Elmer Knutson

Sam Landa

Jack Leddy

John Leicester

R.C. “Scotty” Livingstone

Victor Lynn

Harry Stuart MacKenzie

Jack Maddia

Frank Mario

Charles McCool

Frederick McCulloch

Robert McCutcheon

Ernie McNab

Tom “Scotty” Melville

Anthony Merle

Don Metz

Nick Metz

Harold Mitchelmore

Alex Motter

Donald Sinclair “Speed” Moynes

Victor Myles

Stan Obodiac

William “Bill” Orban

Charles Otton

David Pearce

Bert Penfold

Claude Petit

Gordon Pettinger

Allan Wilfrid Pickard

Peter Prediger

Kenneth Preston

David Pyle

William Beatty Ramsay

Chuck Rayner

Robert “Bobby” Reid

Robert Reid

Ernest Richardson

Walt Riddell

Alvin Horace “Al” Ritchie

Tom Ross

Alex Sandalack

Lloyd Saunders

Arthur Sihvon

D’Arcy Smith

Ed Staniowski

John “Jack” Stewart

Edgar Wallace “Wally” Stinson

Neil “Piffles” Taylor

Earl “Tommy” Thomson

Robert Van Impe

Peter Vyvyan

H.J. “Johnny” Walker

Clinton Ward

George Ward

Claude Warwick

Harold “Harry” Watson

Ab Welsh

Alfred Stiffles Whittleton

H.J. “Pete” Wilken

Frederick Cornelius Wilson

Eddie Wiseman

Ronald Woolgar

Hockey Legend Reflects on World War Service


Earlier this week our country celebrated a day during which we remember those who have bravely served our country in order to uphold the rights and freedoms that make Canada so special. Celebrations took place across this great nation shining light on the brave actions of so many heroes from coast to coast who sacrificed to protect all the things we hold most dear. 

One of those things is the proud culture that we have developed through sport. Many of the men and women who have served our country during its greatest conflicts are also those who acted as the greatest contributors to sport. On Tuesday we offered up a small thanks to them in the form of a list. The list included all of those who fought for our country and went on to see their names enshrined in the Saskatchewan Sports Hall of Fame. Among those names was NHL alumni and Toronto Maples Leafs goaltending legend, Johnny Bower, whose tale is perhaps among the most storied of those on this decorated record. 

Bower enlisted with the Canadian Armed Forces at just 16 years of age because, as he put it, “I wanted to be there, with my other buddies”. Bower was lucky enough to return from the fields of Europe and go on to have not only a fabled hockey career, but also to become one of this country’s most enduring personalities.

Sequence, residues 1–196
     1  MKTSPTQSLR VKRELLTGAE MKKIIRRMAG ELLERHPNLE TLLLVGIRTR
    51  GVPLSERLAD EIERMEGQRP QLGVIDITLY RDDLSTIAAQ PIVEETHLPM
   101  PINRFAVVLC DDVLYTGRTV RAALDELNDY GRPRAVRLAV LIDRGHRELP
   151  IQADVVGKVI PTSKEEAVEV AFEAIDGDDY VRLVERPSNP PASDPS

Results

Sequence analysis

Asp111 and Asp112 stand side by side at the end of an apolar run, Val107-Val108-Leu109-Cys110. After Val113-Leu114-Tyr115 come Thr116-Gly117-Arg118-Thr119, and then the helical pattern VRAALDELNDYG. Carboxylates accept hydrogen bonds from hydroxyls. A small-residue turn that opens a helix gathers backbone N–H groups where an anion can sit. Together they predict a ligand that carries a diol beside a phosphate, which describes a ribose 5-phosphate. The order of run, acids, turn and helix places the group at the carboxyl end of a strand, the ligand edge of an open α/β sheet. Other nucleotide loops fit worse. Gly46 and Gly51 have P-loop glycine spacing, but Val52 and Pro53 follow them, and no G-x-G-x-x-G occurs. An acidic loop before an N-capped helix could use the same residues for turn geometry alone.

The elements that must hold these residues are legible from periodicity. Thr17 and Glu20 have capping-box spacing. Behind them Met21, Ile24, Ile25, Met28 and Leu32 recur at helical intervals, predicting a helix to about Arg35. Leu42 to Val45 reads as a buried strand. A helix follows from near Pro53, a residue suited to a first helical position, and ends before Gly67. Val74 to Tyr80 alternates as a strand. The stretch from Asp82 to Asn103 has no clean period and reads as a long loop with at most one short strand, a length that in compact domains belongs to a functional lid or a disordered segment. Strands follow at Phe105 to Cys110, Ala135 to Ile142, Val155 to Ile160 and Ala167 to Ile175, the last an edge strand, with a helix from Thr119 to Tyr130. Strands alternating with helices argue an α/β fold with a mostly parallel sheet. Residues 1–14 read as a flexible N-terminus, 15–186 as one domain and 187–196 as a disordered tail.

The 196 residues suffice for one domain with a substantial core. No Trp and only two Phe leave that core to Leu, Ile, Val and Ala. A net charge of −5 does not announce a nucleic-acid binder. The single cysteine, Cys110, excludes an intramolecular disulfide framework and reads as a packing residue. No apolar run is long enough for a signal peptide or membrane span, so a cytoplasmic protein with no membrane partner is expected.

Recently, Bower was present at the Hockey Hall of Fame in Toronto, where he and others recounted their stories and paid their respects to the countless others who gave everything. Enjoy the video posted here, of a Bower who continues to age with incredible grace and who has clearly not lost any of his charm. 

Once again, we would like to offer our gratitude and thanks to all the men and women of the Canadian Armed Forces for all that they do.

SSHF Honours Inductees Who Served Our Country


While it is difficult to put this type of gratitude into words, each year on this date, our country does what we can to show our sincere appreciation to those who have given their lives in service of our Nation’s freedom. Here at the Saskatchewan Sports Hall of Fame, we are well aware of what words like dedication, sacrifice and commitment stand for, as it is our mission to recognize those people in sport, who best exemplify what these phrases mean.

On November 11 however, that focus shifts and we pay our respects to those who have committed, dedicated and certainly sacrificed everything, in order to keep Canada among the greatest Nations in the world. In sport, similarities are often drawn to a battle, or fight which exists between two sides. Those conflicts though, pale in comparison to what a select few have experienced, beyond the field of play.

With this piece, we aim to thank these people for everything they have done to serve and better the places we live, work and play. Saskatchewan along with the rest Canada is forever grateful to the service men and women of this country. Everything they do on a daily basis ensures Canada remains, well and truly the north, strong and free.

Robert Adams – Athletics
Calvin Bricker – Athletics
Alex Decoteau – Athletics
William Forsyth – Athletics
Stanley Glover – Athletics
Joe Griffiths – Athletics
Harold Mitchelmore – Athletics
Peter Prediger – Baseball
Stanley ‘Hub’ Gutheridge – Basketball
Anton Glasser – Bowling
Gaston Eichel – Boxing
Ernest ‘Ossie’ Herlen – Boxing
Claude Petit – Boxing
Claude Warwick – Boxing
Eldon Elliot – Broadcasting
Alfred Hill – Curling
H.J. “Pete” Wilken – Curling
Captain Stanley Harrison – Equestrian
Sandy Archer – Football
Dr. Bob Arn – Football
Ken Charlton – Football
Paul Dojack – Football
R.C. ‘Scotty’ Livingston – Football
Neil ‘Piffles’ Taylor – Football
Fred Wilson – Football
Leonard Bath – General
Rollin Henry “Roly” Howes – General
Tom ‘Scotty’ Melville – General
Robert ‘Bobby’ Reid – General
John ‘Jack’ Stewart – General
Edgar ‘Wally’ Stinson – General
George Ward – General
Dr. Jack Leddy – Golf
Dr. Robert Reid – Golf
Tom Ross – Golf
Edward Abbott – Hockey
Garth Boesch – Hockey
Johnny Bower – Hockey
Austin Creswell – Hockey
Frank Foster – Hockey
Norman “Heck” Fowler – Hockey
Frank Germann – Hockey
William ‘Bill’ Griston – Hockey
William ‘Bill’ Hunter – Hockey
Dick Irvin Sr. – Hockey
Gordon Juckes – Hockey
Mike Kartusch – Hockey
Victor Lynn – Hockey
Jack Maddia – Hockey
Charles McCool – Hockey
Frederick McCulloch – Hockey
Ernie McNab – Hockey
Don Metz – Hockey
Nick Metz – Hockey
Stan Obodiac – Hockey
William Beatty Ramsay – Hockey
Chuck Rayner – Hockey
Ed Staniowski – Hockey
Harold ‘Harry’ Watson – Hockey
Al Ritchie – Hockey/Football
Tony Cote – Multi Sport
Joseph Austman – Rifle Shooting
James Harry Girgulis – Shooting
Julien Audette – Soaring
David Greyeyes – Soccer
Robert Van Impe – Softball
Dr. Sam Landa – Sport Medicine
William ‘Bill’ Orban – Sport Medicine
Harry Bailey – Swimming
Bill Ebbels – Tennis
J.B. ‘Kirk’ Kirkpatrick – Tennis
Dr. John Leicester – Tennis
David Ironside Pyle – Wrestling

Lest we forget.